Marco Priolo, director of finance innovation, said this performance management framework, created before the onslaught of the COVID-19 pandemic has proven effective in helping the hospital manage through the crisis and enabled it to accelerate some cost-savings initiatives while putting others on hold. Priolo also noted that the organization’s efforts have yielded well over $200 million in cost savings since FY2016, while he acknowledged that some of these costs may have come back amid the recent financial turmoil.
John’s Hopkins environment
Priolo clarified that his organization’s reimbursement is governed by the unique approach and policies of Maryland’s reimbursement system, established under the state’s waiver from CMS that exempts it from participating in Medicare’s prospective payment system. Maryland’s reimbursement system includes a policy of global budget revenue, under which a hospital’s regulated revenue is subject to a fixed revenue cap, which ensures the hospital has a predictable annual revenue under which it operates.
“So there is tremendous focus on the expense side to be able to drive margin rather than growing volume to grow revenue, and thus margin,” Priolo said.
The Johns Hopkins Hospitals promotes collaboration through an eight-month planning process (September-June), which begins with core budget work and determination of a facility-level performance improvement target, Priolo said.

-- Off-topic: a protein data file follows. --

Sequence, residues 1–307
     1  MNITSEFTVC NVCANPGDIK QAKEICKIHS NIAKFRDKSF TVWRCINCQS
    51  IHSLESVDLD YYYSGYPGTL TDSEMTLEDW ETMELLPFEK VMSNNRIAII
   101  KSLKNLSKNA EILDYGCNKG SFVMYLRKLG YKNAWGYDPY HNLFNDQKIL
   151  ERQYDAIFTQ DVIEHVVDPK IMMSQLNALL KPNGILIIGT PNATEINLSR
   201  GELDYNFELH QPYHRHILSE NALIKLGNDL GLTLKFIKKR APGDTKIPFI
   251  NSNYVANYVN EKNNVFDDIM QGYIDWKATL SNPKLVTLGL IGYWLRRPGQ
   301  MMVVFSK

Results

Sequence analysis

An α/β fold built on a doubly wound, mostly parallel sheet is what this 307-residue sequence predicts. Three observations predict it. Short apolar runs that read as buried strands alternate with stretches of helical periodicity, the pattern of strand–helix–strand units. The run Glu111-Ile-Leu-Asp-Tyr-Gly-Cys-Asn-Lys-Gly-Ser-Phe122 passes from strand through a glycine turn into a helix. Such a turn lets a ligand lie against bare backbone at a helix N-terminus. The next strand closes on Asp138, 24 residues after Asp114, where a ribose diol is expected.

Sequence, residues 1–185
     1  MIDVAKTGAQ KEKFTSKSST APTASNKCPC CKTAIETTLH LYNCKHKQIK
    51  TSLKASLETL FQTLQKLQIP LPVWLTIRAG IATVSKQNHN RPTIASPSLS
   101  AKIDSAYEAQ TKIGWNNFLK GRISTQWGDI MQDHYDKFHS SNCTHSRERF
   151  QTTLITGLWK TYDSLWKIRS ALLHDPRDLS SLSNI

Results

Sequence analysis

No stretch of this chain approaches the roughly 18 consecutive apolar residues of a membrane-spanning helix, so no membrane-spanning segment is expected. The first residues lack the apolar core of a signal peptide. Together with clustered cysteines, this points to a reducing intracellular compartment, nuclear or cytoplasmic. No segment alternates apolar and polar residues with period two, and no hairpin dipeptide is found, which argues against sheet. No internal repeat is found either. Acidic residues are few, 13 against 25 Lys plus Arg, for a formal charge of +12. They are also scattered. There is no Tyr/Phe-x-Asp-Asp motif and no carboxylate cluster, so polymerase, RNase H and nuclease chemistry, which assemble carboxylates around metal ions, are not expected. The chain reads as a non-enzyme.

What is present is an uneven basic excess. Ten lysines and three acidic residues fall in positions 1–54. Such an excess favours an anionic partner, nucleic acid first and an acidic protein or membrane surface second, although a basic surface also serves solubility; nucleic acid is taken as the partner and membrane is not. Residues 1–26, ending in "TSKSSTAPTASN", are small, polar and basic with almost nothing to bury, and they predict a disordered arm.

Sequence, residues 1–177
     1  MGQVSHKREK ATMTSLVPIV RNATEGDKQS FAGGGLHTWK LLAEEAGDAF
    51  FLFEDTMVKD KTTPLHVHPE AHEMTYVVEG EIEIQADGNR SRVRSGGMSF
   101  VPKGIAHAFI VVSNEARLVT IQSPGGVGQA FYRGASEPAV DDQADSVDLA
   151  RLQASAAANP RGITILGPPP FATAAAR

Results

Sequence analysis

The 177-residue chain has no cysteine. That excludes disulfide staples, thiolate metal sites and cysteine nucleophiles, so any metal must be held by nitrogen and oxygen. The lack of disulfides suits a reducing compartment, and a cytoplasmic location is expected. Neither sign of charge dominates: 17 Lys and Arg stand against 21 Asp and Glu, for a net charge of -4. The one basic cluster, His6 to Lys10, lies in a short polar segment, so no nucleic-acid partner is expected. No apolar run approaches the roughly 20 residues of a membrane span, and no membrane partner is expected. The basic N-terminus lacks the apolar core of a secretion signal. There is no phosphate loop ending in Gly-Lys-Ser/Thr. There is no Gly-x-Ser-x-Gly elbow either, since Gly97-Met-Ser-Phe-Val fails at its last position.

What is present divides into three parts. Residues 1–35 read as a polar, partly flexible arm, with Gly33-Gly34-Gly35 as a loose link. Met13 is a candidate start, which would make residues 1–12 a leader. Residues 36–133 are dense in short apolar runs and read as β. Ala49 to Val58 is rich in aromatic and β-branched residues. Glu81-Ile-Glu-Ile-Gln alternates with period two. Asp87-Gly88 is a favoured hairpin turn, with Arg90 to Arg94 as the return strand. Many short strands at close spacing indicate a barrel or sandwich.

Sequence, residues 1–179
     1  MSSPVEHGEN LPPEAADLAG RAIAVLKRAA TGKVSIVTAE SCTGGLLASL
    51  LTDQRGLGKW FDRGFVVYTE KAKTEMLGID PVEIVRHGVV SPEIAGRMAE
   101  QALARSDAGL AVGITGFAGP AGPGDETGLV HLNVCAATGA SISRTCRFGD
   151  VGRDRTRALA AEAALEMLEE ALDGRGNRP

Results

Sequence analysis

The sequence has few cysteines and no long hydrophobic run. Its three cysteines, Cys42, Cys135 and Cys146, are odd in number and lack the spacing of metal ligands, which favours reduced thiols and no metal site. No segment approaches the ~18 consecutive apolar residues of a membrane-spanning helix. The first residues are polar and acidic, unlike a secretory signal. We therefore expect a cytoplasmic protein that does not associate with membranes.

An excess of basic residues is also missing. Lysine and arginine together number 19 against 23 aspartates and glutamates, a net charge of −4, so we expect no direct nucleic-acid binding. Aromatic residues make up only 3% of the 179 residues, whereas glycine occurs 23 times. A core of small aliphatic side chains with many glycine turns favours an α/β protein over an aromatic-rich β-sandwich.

In the third month, targets are provided to clinical departments, and teams are formed to identify potential cost reduction initiatives and to brainstorm on how to meet mission imperatives. After departmental reviews and presentation of the final plan to the hospital’s executive team, the process concludes with an executive review of the final plan, a presentation to Johns Hopkins Medicine leadership and final implementation of the approved plans.
Multidisciplinary teams include — in addition to finance and operations — physicians, nurses, technical staff and staff dedicated to Lean Six Sigma, project management and analytics functions.
“It is really these multidisciplinary teams that identify all the barriers that could potentially be hit during these implementations and then to think though how to effectively get past them,” Priolo said.
When communicating targets, the hospital takes a blanket approach in some instances (e.g., giving all department a 2% cost-reduction target) and in other instances an approach where targets are more tailored to specific departments. Among the tools and regular reporting the hospital employs for managing these efforts, departments use a cloud-based Excel sheet tool to track performance toward targets.
“Finance cannot drive these decisions and operations,” Priolo stressed. “We certainly can set targets and be the scorekeeper, but without operations and the clinical side engaged, we can’t effectively implement these [plans].
“We really need to inspire our colleagues to think critically about how we can do things differently and save costs in a way that’s sustainable and best for our patients.”
A look at the initiatives
Lisa Ishii, MD, senior vice president of operations for the Johns Hopkins Health System, described some initiatives that the hospital has pursued using this process, including a supply chain-focused initiative with the following components:
- A clinically integrated supply chain
- Engagement of clinician leaders in clinical product decisions
- An enterprisewide value analysis process
- Spinal implant consolidation from 17 to three (for a 30% cost reduction)